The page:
We are aware of the current situation and of the absolute necessity of expanding on a number of points established in the feasibility study of 2001:
– Building up the island’s memory from its original base, a reinterpreted façade marked by the framing of the water, with openings onto the river, the riverbanks, and from one bank to the other.
– Highlighting the relationship to the water with an esplanade running along the shoreline.
– The sense of interiority and mystery, of surprise, associated with the island is largely due to its vast garden.
– The importance of inscribing the island and its contours within the landscape, and the island landscape within the landscape of Boulogne, Meudon, and Saint-Cloud.
But, also, of opening up the island’s views of Paris, Boulogne and the neighbouring forests for the public. The island needs to be a vibrant, attractive destination, one with a cultural program –shows, music, exhibitions – that is every bit as strong as its commercial program–designer fashion boutiques, bars, restaurants, galleries.


The island should be inhabited by three categories of people: those who work there, those passing through but staying temporarily, and those who live there. There need to be hotels as well as spaces such as artists’ studios, student and other accommodation, the number and type of which can be worked out. If a big central garden is to occupy most of the central urban space, that space will form one of the island’s microclimates, an indoor garden enclosed in glass that can be opened using solar energy – passive and active. The garden will be extended by vast terraces bigger than the apartment buildings that support them, largely planted with trees and associated with functions that take advantage of the views, day and night: fitness centres, restaurants, meeting-places…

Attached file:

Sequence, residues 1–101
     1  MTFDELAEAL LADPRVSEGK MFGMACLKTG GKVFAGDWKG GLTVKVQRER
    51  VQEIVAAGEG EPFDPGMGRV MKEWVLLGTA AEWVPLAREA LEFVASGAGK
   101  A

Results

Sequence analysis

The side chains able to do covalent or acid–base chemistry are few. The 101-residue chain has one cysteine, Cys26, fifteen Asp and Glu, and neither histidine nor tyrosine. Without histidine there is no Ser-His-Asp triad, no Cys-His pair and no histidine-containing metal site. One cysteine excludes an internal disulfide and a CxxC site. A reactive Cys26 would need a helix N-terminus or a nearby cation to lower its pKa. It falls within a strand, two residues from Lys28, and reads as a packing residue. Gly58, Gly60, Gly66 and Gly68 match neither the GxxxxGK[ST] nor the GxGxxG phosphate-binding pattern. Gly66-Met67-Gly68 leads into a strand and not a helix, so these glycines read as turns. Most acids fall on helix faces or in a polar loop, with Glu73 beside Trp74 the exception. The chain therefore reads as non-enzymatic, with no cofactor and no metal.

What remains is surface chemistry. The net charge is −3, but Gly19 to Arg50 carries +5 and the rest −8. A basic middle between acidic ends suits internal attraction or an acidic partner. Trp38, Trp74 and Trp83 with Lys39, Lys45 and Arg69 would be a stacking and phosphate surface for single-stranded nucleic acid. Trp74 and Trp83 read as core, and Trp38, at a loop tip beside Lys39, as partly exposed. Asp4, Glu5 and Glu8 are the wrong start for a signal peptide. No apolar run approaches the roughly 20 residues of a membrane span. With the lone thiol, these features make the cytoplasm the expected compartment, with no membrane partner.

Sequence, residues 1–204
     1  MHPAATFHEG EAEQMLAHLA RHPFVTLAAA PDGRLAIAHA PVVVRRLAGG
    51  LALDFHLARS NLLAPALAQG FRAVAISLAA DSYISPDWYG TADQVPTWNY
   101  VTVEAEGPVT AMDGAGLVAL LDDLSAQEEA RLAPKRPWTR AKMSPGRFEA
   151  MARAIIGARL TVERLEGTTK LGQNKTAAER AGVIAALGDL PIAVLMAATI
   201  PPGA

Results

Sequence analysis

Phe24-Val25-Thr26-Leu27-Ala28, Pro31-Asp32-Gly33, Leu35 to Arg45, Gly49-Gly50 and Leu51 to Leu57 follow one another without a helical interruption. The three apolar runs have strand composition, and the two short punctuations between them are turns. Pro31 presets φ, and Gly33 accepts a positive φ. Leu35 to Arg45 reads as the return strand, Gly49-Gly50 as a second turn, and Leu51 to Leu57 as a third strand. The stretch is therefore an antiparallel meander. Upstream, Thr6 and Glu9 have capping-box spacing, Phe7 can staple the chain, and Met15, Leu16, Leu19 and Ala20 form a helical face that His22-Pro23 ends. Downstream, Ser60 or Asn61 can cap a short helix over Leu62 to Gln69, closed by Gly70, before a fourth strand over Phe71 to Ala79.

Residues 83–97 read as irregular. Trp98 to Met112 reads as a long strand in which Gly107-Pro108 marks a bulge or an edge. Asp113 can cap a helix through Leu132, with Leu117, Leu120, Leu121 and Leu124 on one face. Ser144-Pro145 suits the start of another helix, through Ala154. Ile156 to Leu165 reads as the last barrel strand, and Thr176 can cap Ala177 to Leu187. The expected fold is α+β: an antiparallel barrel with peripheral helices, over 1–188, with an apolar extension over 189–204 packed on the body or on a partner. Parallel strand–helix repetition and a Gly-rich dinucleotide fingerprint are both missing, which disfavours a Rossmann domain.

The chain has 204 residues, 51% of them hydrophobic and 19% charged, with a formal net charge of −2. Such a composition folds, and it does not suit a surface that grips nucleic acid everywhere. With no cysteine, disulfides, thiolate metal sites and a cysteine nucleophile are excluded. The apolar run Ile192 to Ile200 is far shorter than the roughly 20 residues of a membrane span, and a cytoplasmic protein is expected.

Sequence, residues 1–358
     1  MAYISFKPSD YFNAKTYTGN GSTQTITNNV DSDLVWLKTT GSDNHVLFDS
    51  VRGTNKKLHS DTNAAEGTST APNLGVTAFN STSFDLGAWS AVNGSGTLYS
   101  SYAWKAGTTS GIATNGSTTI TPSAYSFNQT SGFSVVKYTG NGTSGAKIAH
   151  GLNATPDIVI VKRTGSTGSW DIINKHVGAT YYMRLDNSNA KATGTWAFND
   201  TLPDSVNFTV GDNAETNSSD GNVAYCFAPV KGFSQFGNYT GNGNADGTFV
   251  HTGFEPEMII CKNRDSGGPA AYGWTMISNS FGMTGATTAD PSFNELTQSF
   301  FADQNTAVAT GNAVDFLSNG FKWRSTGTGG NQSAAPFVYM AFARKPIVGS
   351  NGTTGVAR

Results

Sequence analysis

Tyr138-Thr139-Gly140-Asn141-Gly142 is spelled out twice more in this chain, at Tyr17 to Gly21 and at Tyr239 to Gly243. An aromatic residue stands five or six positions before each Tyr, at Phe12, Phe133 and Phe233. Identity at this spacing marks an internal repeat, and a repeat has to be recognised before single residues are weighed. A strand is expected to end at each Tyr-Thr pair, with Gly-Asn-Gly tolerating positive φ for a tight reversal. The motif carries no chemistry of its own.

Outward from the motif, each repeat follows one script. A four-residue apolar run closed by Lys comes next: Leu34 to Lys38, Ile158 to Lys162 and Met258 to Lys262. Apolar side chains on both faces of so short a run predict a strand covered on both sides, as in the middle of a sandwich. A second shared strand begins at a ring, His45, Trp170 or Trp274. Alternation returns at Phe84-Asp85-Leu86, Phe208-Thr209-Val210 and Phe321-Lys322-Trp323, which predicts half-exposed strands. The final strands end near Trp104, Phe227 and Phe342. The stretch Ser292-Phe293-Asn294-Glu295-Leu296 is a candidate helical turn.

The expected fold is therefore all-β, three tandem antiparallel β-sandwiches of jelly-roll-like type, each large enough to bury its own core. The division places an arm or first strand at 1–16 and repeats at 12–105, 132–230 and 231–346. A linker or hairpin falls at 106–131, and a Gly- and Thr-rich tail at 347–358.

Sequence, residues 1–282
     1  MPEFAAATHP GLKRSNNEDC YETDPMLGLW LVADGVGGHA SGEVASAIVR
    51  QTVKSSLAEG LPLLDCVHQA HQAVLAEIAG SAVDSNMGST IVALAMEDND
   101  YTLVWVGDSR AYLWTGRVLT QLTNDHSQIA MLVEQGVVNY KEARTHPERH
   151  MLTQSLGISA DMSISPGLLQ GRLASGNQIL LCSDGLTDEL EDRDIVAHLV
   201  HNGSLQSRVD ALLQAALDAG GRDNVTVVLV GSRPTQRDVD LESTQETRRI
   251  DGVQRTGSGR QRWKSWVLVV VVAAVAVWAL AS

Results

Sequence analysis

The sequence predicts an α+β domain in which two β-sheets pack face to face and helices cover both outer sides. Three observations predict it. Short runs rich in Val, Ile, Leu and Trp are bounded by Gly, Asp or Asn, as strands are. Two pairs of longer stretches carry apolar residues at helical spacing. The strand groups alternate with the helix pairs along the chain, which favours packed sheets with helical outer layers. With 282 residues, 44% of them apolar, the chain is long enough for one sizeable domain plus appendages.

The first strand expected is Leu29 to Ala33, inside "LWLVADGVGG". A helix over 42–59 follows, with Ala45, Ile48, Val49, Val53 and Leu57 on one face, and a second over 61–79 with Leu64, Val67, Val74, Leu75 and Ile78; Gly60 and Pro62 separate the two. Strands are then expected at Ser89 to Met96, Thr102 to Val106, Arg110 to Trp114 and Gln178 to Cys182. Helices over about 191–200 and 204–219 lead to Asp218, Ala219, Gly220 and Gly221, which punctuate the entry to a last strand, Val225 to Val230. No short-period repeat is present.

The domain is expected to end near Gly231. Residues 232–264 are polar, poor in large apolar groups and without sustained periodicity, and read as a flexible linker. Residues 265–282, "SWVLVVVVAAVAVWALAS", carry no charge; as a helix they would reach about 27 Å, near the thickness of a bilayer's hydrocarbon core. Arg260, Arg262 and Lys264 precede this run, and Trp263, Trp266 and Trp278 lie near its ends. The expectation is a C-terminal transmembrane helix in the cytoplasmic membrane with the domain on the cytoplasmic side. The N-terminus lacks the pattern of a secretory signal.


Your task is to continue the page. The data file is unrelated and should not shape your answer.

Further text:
The implementation of renewable energies will start with solar energy, banks of solar panels forming veritable ‘fields’ mainly covering the cultural spaces and partly covering some of the terraces. Heat exchange systems using water will be explored as well as geothermal energy.
The current L.U.P. is obviously meant as a guide only and will evolve, but the first study phase will make use of a large part of the legally constructible surfaces so as not to hold anything up. The initial garden design should also be materialized as swiftly as possible with Michel Desvigne; the architects currently working on the envelope will adapt their studies to developments in the project as they occur.
The ecological studies will allow us to determine density. From the point of view of sustainable development, if the island is served by the Greater Paris metro (ARC), the Paris metro and the tramways, it would be preferable to locate close to stations and stops any activities liable to reduce travel.
Only an ecological study on a Greater Paris scale will allow us to come up with figures. The reality of constructing a large-scale eco-district means we need to evaluate costs by incorporating the notion of overall cost (=cost of construction + social cost). This notion, which is vital for achieving the objectives of sustainability, will allow us to define the financial health of the operation, on the one hand, and to attract developers and buyers, on the other.


This approach is both pragmatic and ambitious at the same time, but it is also realistic. Its aim is to allow all the political, administrative, cultural and technical heads to lay claim, clearly and proudly, to objectives and strategies in harmony with the historic situation.


Jean Nouvel